Where did the Spanish language come from, and how has it changed over time?
In this post, we’ll talk about linguistics, history, and in particular, the evolution of the Spanish language.
We’ll be exploring its roots and learning about the many words we use today that were adopted from other languages or dialects.
Let’s start from the beginning…
How many languages are there in the world?
According to Ethnologue, there are 142 different language families and a total of 7,111 languages are spoken today.
Around 40% of these languages are endangered and only 23 languages account for more than half the world’s population, being the Spanish language one of the most spoken languages in the world.
The Spanish language we know today, has gone through a very interesting and long journey; it’s the result of thousands of years of language development and cultural influence.
Spanish belongs to the Indo-European family and derives many of its rules of grammar and syntax from Latin; around 75% of Spanish words have Latin roots.
However, Spanish has also other influences such as Celtiberian, Basque, Gothic, Arabic, and some of the native languages of the Americas.
How has Spanish changed over the years?
In his TEDed video, Alex Gendler talks about how languages change and evolve, and how groups or linguistic trees give us crucial insights into the past.
Gendler finishes with an interesting request:
…the next time you hear a foreign language, pay attention. It may not be as foreign as you think.
Did you know that there are about 4,000 words in Spanish that come from Arabic?
Spanish, and its distinct dialects, emerged following years of invasion and settlement of many cultures in the Iberian Peninsula: the Moors from Northern Africa, the Visigoths from Central Europe and the Christians from the Roman Empire.
Castillan Spanish was originated as a continuation of the spoken Latin (Vulgar Latin) in the northern and central areas of Spain. Then, the northern dialect spread to the south where it absorbed local Romance dialects such as Judaeo-Spanish or Ladino and borrowed many words from the Andalusian Arabic.
Colonization and the Spanish language
Another important moment in history influenced the development of the Spanish language.
The colonization of the Americas in the 15th Century.
It all started when the Spanish “conquistadores” led by Christopher Columbus (Cristobal Colon in Spanish) arrived in the Caribbean in 1492.
The process of bringing the Spanish language and Spanish traditions, including the catholic religion, into the continent was referred to as “hispanización”.
There were many challenges in the “hispanización” process, but one of the biggest was communication.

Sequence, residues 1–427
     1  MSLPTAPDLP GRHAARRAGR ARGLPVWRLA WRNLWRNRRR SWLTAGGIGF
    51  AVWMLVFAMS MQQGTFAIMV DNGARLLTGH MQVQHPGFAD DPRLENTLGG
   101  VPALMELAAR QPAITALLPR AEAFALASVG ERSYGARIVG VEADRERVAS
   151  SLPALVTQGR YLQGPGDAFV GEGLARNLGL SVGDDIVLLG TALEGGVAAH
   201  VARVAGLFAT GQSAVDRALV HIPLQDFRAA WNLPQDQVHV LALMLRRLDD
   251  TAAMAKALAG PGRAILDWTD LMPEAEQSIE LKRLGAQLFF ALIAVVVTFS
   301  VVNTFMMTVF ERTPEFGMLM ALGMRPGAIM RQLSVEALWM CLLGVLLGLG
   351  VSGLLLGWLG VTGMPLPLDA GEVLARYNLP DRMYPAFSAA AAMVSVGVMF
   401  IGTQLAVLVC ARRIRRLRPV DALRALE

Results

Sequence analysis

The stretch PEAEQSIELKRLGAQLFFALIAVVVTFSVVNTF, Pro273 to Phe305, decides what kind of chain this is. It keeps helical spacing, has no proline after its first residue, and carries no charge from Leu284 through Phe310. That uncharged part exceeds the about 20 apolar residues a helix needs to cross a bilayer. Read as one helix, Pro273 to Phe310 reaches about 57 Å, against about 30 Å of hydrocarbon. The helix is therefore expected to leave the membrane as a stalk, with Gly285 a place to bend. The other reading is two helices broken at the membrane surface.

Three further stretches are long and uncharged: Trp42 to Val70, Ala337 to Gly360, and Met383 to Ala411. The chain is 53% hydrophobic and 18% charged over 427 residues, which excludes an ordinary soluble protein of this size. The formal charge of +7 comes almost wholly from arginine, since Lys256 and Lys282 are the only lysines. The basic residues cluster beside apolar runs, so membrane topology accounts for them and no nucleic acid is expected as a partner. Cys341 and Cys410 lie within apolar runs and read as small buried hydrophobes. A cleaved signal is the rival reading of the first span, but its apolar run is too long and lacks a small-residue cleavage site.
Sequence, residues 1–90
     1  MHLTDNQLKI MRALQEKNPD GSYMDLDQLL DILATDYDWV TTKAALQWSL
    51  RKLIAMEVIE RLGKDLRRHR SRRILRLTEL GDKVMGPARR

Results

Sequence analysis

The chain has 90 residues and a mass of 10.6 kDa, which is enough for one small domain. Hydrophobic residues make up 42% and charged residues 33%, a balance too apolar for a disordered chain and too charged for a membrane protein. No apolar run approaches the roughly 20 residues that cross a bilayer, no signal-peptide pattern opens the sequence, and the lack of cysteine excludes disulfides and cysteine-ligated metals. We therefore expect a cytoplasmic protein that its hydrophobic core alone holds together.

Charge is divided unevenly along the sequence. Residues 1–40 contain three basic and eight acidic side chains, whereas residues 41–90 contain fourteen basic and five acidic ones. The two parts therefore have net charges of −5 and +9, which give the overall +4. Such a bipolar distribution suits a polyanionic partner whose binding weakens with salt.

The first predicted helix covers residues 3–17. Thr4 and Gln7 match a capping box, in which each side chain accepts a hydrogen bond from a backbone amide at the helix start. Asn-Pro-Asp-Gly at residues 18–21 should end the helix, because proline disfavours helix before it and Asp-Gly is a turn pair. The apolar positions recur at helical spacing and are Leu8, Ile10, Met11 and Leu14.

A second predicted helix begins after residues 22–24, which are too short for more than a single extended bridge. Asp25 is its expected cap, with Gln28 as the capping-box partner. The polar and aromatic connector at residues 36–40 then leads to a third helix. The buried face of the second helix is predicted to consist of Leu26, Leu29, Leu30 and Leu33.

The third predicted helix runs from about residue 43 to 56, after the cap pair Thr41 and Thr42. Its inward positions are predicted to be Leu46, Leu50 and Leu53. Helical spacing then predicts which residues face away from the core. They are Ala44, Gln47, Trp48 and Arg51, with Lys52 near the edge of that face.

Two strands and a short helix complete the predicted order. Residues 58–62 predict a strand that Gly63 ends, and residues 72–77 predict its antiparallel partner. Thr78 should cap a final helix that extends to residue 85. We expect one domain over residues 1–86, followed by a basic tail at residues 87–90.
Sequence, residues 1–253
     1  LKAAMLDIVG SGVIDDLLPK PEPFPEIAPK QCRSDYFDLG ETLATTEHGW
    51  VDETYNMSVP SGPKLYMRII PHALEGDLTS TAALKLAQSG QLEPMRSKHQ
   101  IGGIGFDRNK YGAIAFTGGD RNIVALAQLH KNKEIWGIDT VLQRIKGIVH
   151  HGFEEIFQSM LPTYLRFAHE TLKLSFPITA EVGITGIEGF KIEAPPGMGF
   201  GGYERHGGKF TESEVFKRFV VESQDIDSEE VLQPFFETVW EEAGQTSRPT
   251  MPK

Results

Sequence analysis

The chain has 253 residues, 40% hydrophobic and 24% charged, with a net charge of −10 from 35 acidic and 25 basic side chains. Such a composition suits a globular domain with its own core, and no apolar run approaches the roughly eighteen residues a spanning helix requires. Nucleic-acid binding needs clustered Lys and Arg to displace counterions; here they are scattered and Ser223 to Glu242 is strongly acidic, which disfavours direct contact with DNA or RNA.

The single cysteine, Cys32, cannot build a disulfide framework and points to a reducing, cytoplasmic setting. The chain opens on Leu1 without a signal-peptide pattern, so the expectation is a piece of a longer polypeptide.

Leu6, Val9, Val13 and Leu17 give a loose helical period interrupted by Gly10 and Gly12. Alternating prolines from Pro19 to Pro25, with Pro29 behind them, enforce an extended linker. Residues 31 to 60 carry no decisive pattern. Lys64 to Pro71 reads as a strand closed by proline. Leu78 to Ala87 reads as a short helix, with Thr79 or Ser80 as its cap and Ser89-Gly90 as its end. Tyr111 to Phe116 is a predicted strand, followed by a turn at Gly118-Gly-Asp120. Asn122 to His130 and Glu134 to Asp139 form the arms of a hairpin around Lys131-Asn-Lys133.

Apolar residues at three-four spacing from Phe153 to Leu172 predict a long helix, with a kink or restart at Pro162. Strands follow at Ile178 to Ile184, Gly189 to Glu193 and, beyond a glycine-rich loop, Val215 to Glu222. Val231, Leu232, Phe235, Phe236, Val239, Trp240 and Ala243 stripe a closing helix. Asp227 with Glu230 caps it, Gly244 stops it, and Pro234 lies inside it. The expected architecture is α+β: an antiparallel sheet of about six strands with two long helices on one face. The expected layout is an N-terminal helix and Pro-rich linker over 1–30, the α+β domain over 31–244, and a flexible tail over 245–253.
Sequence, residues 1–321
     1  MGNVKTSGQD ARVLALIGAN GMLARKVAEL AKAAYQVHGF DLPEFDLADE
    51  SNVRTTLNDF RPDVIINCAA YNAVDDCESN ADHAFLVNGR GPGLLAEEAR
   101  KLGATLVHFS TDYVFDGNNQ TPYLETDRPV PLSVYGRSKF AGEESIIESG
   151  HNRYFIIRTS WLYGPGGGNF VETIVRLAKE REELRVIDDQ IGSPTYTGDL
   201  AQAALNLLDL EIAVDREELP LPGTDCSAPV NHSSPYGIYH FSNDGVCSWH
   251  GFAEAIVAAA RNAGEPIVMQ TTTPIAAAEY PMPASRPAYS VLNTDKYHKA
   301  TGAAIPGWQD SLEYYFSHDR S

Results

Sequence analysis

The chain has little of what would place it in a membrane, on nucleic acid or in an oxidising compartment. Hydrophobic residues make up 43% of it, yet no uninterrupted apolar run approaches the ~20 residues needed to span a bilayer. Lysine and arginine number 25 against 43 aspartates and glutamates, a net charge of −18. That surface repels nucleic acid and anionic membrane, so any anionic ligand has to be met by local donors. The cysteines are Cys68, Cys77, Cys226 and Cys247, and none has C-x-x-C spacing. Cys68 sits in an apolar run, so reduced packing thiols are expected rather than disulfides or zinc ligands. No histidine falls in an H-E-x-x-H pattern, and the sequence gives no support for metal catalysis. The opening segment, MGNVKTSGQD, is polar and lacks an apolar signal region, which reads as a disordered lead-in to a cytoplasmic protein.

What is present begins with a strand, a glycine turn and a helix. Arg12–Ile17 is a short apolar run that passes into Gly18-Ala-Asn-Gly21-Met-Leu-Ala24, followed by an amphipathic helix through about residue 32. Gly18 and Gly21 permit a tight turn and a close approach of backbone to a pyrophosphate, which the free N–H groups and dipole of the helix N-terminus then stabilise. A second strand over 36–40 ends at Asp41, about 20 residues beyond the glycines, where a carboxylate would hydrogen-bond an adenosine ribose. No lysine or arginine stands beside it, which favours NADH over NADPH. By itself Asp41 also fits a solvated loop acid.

Local languages were starkly different, the Catholic Church stepped in establishing learning institutions to teach Catholicism in Spanish.
The Spaniards occupied the territory for over three centuries, children and adolescents grew up, and the Spanish language started to spread and expand in the region.
Despite the efforts of the Spaniards to impose the language, many of the native local words were adopted.
The Castillan Spanish words were simply not accurate to the description of the many new discoveries of the region.
The adoption of the native vocabulary included local objects such as:
- “canoas” (canoe) or
- “hamacas” (Hammocks). Likewise, fauna and flora that didn’t exist in Europe at that time such as
- ají (chilli pepper),
- tiburón (shark),
- iguana (iguana),
- manatí (manatee),
- guacamayo (macaw),
- maní (peanut),
- camote (sweet potato),
- cacao (cocoa),
- tomate (tomato),
- tamal (tamale) and
- papaya (papaya).
Over the years, the Americas Spanish evolved and Latin American Spanish and its many dialects emerged.
What About Spanish Today?
Spanish is today the official language of 20 countries.
It’s spoken by more than 500 million people around the world, and it’s the most widely spoken Romance language, both in number of speakers and number of countries.
Today, depending on where you go, you could hear differences in words, accents and even grammar.
Mexico is by far the country with the most native Spanish speakers worldwide, followed by Colombia, Argentina and Spain.
Spanish is the third most used language on the Internet and it’s second on social media platforms like Twitter and Facebook.
Furthermore, it plays an important role in the modern cultural and artistic industry; there are countless films, series, books, songs, and conferences in Spanish. And, it is expected that by 2060 around 754 million people will speak the language globally.
Is Colombian Spanish different?
In general, Colombian Spanish is a group of dialects of Spanish spoken in Colombia.
Since the dialects spoken in the various regions of Colombia are quite diverse, the term Colombian Spanish is of more geographical than linguistic relevance.
It is important to note that when referring to “Colombian Spanish” people normally refer to the standard dialect spoken in Bogotá. This dialect is generally well known for being probably the clearest Spanish to understand and the easiest Spanish to learn.
Colombian Spanish has gained popularity between the non-native speakers willing to learn or improve this language.